Deciding on a Permanent Design Takes Time
By: Marissa Gonzalez
CSI student Pablo Pena currently has two tattoos, awaiting a third. He designs them all within five months of receiving his last.
According to Pena, a five month minimum wait period must materialize before getting each tattoo.
“If the meaning behind the tattoo I designed changes after five months,” said Pena. “I wouldn’t get it.”
Pena got his first tattoo in January at the age of 17. The word, “patience” permanently resides on his left forearm and holds a powerful meaning.
The meaning behind the word came from a personal struggle he overcame as a child. A reminder of the past and an achievement from the hardships he faced growing up.
Growing up, Pena went through some rough stages in life including depression and impatience. This left him with the mentality that he needed to get things done immediately in order to be fully satisfied. This was when the saying popped into his head, where as everything takes time.
Coincidental he got the simple word, “patience” to remind him to take some along with him every step of the way. Every morning Pena wakes up and reminds himself of those harsh times and grows from the experience. This tattoo plays the role of a support system for Pena, whenever he needs that boost of confidence.
Besides Pena’s delight over his new tattoo, his father thought otherwise. Penas’ father’s initial thought of his tattoo included a kind of destruction to his body. The anger his father held spanned out for two months but ended with an understanding between the two.
According to the online article titled, Most Parents Are Against Teen Tattoos. Linda Carroll explains, more than 78% of parents in the U.S. would never even consider the fact of their children getting tattooed at any age.
Over the years, tattoos were believed to negatively impact someone when looking for a job. This has been implanted into the minds of teens through education systems and family talk, but as the generations change and advance the opposite can be proven.
The article titled, Does Having A Tattoo Affect Getting A Job? A New Study Says Actually, No, by Jr Thorpe explains how tattoos came out as a big thing because they weren’t popular. They were looked at as if they were for rebels or daredevils when in fact now are seen as normalities and traits a person can have.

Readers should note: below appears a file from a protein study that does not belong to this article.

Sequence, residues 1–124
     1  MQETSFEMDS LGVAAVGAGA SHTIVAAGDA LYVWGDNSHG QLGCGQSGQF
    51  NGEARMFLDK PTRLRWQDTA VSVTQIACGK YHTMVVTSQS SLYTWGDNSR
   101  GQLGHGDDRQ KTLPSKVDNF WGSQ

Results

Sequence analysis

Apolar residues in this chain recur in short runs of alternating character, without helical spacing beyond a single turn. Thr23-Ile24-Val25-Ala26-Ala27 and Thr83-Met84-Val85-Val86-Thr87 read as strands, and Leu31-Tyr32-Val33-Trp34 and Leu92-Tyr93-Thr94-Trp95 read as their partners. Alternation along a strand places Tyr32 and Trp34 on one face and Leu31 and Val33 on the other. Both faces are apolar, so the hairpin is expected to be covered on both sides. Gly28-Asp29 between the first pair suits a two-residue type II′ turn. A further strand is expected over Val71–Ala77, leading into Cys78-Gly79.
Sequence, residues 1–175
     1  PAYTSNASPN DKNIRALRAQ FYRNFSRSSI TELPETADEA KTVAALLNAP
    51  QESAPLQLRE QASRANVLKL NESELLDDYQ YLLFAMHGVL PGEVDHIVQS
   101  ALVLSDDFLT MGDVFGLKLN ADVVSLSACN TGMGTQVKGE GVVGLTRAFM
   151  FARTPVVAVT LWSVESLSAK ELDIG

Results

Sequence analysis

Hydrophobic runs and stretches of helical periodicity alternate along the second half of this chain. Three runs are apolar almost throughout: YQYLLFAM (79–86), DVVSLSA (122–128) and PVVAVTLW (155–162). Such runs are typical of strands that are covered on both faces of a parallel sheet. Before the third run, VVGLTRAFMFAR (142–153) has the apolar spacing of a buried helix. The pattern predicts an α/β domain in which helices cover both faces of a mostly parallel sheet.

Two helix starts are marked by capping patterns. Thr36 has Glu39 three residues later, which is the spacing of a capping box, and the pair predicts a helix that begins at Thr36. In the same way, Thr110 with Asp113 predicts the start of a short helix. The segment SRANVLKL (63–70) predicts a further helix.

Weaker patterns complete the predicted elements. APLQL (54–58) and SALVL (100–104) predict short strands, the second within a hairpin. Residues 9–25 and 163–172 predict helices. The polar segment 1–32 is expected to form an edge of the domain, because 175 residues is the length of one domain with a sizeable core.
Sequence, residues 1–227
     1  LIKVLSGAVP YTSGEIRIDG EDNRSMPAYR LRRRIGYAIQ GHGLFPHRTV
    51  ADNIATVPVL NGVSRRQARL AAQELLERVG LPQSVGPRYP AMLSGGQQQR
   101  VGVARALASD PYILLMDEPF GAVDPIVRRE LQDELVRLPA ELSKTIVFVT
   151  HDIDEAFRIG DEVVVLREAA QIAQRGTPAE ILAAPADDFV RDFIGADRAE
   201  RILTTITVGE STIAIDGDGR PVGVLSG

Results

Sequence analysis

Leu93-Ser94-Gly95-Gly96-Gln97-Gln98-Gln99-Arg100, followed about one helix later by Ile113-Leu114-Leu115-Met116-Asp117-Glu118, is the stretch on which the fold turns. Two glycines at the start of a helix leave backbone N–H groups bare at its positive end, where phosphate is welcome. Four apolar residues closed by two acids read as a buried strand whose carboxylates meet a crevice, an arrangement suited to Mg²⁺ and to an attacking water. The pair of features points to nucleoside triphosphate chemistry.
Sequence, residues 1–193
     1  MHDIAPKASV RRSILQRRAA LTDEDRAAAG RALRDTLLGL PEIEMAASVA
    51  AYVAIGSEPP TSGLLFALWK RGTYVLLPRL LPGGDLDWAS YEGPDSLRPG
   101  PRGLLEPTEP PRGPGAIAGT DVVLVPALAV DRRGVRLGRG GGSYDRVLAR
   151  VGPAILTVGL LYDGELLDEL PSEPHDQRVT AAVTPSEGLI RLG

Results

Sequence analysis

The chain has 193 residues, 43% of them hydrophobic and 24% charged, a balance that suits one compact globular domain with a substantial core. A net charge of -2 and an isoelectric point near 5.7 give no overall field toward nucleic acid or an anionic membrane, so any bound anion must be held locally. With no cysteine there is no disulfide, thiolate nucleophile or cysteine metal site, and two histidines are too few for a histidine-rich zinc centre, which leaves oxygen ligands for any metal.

“People don’t care whether you have a tattoo showing or not,” said Pena. “You can always cover it up.”
Pena currently works at the YMCA Youth, as a sports director; which is a high standard job for a 19 year old with two tattoos. There he explains his tattoos aren’t acknowledged as they would be in a professional business attire.
After Pena’s first tattoo he was inclined and inspired to get another. His inspiration came from his mothers’ tattoo which included the saying of, “Fuck Cancer” on her back. This tattoo holds a lot of meaning in two simple words, therefore left Pena thriving on the idea of more meaning.
Pena’s second tattoo includes extensive significant meanings. The first element in his tattoo illustrates his grandmother’s zodiac sign; the second represents Mount Everest for his mother’s battle with cancer; the third and fourth present his mothers in connection to his ups and downs; the fifth states, Gods Greater Than Your Highs and Lows; the sixth shows the coordinates of the first house he’s lived in and the last meaning represents his fathers importance.
While in the midst of designing his third tattoo, Pena uses the meanings of his being. The first being a single lined wolf representing his leadership; the second an ohm symbol representing his wisdom; third a sunset representing a beauty he enjoys; and lastly a semi representing the overcoming of a dark period in his life.
“I don’t regret any of my tattoos,” said Pena. “They remind me things come when they come.”